continued Finian Tan, chairman at Vickers, explained that Samumed was the first of many investments in drug discovery. Tan himself is no rookie in life sciences, either. In fact, he’s served as executive deputy chairman of Singapore’s National Science and Technology Board, as well as on the boards of The National Cancer Center of Singapore, venture firm Life Sciences Investment, and SingHealth, the biggest health care group in Singapore.
Though not a scientist himself, he has a knack for eyeing good investments. Tan was an early investor of Baidu, known as the “Google of China” and currently valued at $66 billion. Tan said his venture firm made the biggest entry investment it’s ever made, with Samumed, due to the company’s uniquely high reward vs. risk profile. The last time he made a similar investment was Baidu itself, Tan said.
Samumed’s drug discovery platform could be “a breakthrough of huge proportions,” Tan said in an email. “The impact on humankind would be an order of magnitude we have not seen since (Alexander) Fleming’s discovery of antibiotics (in the 1920s).”
Animal and Human Data
What does Samumed have? It’s hard to say. Normally, a patent explains which chemicals a drug targets, but in 2013 the Supreme Court ruled that companies can’t patent things “occurring in nature.” This can be a real problem for scientists, as many drugs today are “biologics” – derived quite literally from nature. So Samumed has patents while keeping its biochemical pathways under wraps.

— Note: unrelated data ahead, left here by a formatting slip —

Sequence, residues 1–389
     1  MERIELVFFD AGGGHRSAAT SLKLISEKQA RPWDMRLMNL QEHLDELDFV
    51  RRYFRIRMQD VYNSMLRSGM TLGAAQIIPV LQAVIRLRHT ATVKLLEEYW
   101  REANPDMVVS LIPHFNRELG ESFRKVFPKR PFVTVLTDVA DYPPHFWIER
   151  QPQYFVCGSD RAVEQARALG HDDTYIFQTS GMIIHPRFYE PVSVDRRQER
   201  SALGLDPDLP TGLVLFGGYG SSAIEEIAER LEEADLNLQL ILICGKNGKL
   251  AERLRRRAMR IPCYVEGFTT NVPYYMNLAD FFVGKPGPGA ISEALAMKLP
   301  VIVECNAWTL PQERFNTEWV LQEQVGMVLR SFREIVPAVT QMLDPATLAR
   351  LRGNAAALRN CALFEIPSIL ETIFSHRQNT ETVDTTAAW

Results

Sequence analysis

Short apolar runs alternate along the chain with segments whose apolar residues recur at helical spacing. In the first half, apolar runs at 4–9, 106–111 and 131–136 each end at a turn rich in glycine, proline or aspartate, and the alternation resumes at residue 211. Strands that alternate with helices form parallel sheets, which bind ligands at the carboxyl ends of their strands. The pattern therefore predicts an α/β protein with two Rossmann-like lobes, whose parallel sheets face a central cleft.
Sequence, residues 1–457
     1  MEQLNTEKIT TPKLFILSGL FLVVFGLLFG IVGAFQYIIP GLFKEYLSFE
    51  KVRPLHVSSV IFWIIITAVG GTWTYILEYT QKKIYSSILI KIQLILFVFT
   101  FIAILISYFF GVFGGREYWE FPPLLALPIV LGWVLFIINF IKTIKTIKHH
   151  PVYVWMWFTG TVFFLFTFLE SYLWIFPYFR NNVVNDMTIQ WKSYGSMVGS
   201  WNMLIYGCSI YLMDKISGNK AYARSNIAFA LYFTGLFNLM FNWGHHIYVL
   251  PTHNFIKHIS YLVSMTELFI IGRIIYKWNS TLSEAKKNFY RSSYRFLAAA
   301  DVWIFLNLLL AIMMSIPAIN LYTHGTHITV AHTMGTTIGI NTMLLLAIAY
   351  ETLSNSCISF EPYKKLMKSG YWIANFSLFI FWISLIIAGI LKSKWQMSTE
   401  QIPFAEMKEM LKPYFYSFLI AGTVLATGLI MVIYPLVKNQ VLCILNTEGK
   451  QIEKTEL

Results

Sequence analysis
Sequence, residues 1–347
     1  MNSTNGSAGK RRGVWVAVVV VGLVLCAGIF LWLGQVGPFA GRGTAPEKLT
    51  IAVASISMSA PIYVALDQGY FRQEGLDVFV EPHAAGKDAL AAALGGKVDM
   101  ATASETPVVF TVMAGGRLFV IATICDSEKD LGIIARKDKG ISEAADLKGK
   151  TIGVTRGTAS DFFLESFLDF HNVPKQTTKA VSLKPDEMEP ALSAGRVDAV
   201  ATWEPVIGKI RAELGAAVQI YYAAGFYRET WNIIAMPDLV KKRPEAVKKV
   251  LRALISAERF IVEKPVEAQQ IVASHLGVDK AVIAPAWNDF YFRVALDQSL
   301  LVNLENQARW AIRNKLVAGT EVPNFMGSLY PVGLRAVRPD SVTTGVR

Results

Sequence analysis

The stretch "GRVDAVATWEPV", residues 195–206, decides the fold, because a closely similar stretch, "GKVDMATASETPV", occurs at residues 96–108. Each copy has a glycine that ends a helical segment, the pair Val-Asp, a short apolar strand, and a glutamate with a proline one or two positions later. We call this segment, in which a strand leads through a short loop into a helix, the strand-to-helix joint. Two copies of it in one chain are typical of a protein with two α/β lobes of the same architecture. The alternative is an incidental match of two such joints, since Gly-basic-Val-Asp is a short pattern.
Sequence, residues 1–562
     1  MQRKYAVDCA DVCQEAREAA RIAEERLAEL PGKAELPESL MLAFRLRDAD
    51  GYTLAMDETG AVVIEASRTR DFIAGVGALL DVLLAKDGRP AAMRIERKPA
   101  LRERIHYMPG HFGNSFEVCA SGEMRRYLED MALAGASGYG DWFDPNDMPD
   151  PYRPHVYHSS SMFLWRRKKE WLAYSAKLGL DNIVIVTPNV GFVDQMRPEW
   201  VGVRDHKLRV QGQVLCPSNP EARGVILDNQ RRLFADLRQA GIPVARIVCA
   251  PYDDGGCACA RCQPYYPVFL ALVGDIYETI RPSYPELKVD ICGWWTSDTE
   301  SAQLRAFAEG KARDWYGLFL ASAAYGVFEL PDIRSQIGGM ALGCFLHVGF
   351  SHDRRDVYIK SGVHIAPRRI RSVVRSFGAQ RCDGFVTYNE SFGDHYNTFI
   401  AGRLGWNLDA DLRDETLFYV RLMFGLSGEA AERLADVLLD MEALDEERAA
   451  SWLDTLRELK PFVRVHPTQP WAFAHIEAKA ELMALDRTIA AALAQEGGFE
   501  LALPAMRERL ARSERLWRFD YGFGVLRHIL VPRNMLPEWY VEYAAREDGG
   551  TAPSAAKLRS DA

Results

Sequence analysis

“That is our trade secret,” Kibar told Forbes. “That is our bread and butter.”
What the company will show is the animal and human data for its baldness and arthritis treatments. In bald mice and mini-pigs, Samumed’s drug makes hair grow back. After cutting the ligaments in the knees of rats (so the cartilage is destroyed), Samumed’s drug regrows the cartilage, and the rats can walk again.
Animal studies are a dime a dozen, and it can be difficult to get the same results in humans as drug developers get in animals. However, Kibar says the pathway Samumed is targeting – called the WNT pathway – is identical in all animals, including humans.
“That means our animal trials are more predictive,” Kibar said.
But there’s more. That animal data earned Samumed the OK from the U.S. Food and Drug Administration to start human clinical trials. Samumed presented data last month on the use of its baldness drug in 300 human patients at the American Academy of Dermatology in Washington, D.C. The subjects of the trial had their heads photographed and hairs counted. Those on placebo saw their hair count drop 2.5 percent. Those who rubbed a 0.15 percent solution of Samumed’s drug on their heads daily saw hair count increase nearly 10 percent.